When my daughter was an infant, I used a purchased stretchy wrap baby carrier exclusively. After she outgrew that wrap, we used a sling that was great, but lately I’ve felt the need to be able to carry her on my back, especially when she’s feeling clingy and I need both of my hands free to do something. Before purchasing a lovely but expensive woven wrap, I did a little research, and was delighted by how easy wrap carriers are to make! Use the following instructions to make your own wrap baby carrier.
First, you’ll have to choose your fabric. I used a length of 60 inch wide woven fabric that is sort of like linen, which I was able to make two wraps out of. My mother, who can be seen in the above photo with my daughter, actually bought the fabric, intending to make a duvet, and never got around to it, so she was happy to allow me to make a carrier from it. Here are a few things to remember when choosing your wrap fabric:
Ideal Fabric Choices For Wraps
- Knits make great wraps for younger babies, but don’t always support older babies, toddlers or preschoolers. Choose a knit that stretches a bit diagonally, but isn’t too thin or wimpy. After all, it will need to be strong enough to carry your child! In my opinion, fabrics that are about 97 percent cotton and 3 percent nylon or lycra make the best wraps.
- Fleece isn’t the best choice for a wrap, in my opinion. It’s a tad slippery, and gets hot very quickly.
- Many Woven Fabrics make great wraps, but they will need to be hemmed in to prevent them from unraveling. Choose a woven fabric that is soft and lightweight. When you hold it up to the light, you should be able to see the light through the weave. Also, weaves that are mostly or all cotton work best.
How Much Fabric?
Buy more fabric than you think you’ll need, because it may shrink in the wash. My wrap is six yards long, and I am able to wear my toddler on my back comfortably with that length. I am a size 10, so if you’re much bigger or smaller than I am, adjust your fabric length accordingly. Too long is better than too short; you can always cut your wrap down to size if need be.
If your fabric is 60 inches wide, you should have enough fabric to make two wraps! I feel that the best width for a wrap is about 28-30 inches. DO NOT think you can save money by cutting your fabric in half lengthwise and sewing it together to make one long wrap. This method creates a weak point in the center of your wrap, exactly where baby sits! Not a good idea!
- Now that you have chosen your fabric, you should have a large rectangle that is several yards long and 28-30 inches wide. Spread the wrap out on the floor, and fold it in half, lengthwise. You’ll end up with a rectangle that’s about 14-15 inches high.
- For these purposes, we will call the folded edge the bottom and the unfolded edge the top. Measure one foot from the top corner of one end of your wrap. Use a marker to make a dot at this point. Now, using a yardstick, draw a line from the bottom corner to your dot (see above photo). Make sure that the line goes from the outside edge toward the unfolded side of the wrap, so you’ll be cutting off about a foot of the unfolded, doubled-up side, but none of the fold.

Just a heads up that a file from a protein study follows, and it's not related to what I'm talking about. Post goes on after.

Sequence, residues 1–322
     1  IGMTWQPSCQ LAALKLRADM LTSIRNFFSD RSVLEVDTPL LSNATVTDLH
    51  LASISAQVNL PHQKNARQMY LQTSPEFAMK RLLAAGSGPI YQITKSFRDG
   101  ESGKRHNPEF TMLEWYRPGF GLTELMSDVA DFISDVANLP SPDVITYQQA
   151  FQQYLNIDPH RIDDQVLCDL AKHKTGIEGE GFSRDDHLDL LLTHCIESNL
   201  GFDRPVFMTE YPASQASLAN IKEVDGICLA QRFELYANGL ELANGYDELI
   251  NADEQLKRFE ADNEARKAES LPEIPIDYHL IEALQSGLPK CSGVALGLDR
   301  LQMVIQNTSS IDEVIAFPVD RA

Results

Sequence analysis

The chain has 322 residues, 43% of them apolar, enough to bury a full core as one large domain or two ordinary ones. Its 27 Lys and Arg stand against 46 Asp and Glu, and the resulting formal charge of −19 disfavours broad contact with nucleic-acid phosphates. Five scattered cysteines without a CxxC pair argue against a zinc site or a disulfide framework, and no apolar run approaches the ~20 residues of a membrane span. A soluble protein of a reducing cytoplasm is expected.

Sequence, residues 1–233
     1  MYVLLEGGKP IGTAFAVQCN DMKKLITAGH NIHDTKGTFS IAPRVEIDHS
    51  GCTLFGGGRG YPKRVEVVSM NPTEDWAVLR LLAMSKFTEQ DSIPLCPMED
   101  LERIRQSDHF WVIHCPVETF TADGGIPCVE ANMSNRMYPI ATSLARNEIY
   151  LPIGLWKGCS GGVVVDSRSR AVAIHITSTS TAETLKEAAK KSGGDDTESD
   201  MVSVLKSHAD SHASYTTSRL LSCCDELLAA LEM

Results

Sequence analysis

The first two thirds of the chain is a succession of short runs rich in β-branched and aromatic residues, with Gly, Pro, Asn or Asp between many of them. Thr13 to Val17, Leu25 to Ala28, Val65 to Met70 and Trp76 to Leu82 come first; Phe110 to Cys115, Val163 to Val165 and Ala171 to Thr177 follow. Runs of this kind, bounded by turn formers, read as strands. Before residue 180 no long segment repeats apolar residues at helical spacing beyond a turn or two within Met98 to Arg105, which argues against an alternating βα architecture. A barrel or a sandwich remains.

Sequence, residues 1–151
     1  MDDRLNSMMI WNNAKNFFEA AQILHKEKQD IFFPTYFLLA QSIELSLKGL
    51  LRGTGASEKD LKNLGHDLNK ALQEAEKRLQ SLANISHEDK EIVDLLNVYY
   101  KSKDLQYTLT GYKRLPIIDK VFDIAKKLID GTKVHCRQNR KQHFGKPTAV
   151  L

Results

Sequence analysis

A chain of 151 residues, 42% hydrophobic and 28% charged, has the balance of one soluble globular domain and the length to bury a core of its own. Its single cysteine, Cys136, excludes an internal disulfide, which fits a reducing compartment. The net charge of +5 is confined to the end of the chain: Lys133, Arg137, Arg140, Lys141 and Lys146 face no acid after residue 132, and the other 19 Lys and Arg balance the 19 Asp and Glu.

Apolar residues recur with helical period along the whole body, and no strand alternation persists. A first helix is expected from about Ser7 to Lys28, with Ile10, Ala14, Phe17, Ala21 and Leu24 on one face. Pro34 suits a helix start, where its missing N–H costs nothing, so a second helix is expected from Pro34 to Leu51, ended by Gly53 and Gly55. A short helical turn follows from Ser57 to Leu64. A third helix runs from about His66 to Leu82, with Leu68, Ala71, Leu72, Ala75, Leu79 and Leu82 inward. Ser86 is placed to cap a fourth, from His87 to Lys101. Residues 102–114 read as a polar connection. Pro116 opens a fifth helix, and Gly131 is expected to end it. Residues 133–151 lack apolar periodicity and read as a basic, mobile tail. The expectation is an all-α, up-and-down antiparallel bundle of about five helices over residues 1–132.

- Cut along your marked line. When you unfold the fabric, the end of your wrap should look like the photo above. Repeat the same procedure on the other end of the wrap. You will end up with a long length of fabric that is pointed on both sides. These points cut down the bulk on the wrap’s ends, allowing you to manipulate and tie your wrap more easily.
- If you are using a knit fabric, finishing the edges isn’t necessary. You can leave the wrap the way it is, and it won’t unravel. If you prefer a finished edge, move on to the next step. If you are using a woven fabric, you must finish the edges of your wrap, so that it won’t unravel.
- If you’re lucky enough to own, or know someone who owns, a serger, you can finish your wrap’s ends very easily and quickly. Just serge all the way around the wrap, and you’re done! Your wrap ends will look like the photo above.
- If you don’t own a serger, you can still finish your wrap’s edges easily, though it will take just a bit more time than it would with a serger. Make a simple hem by folding the edge of your wrap up 1/4 inch all the way around. Press with an iron, then fold 1/4 inch more. Use a sewing machine to sew the folds in place.
- You’re done! Now you have a wrap that you can make many baby- or toddler wearing memories with!
- If you’d like to make your carrier really customized and special, consider placing a painting or stencil in the exact center of the wrap. Below is a guitar stencil I added to my musician friend’s wrap.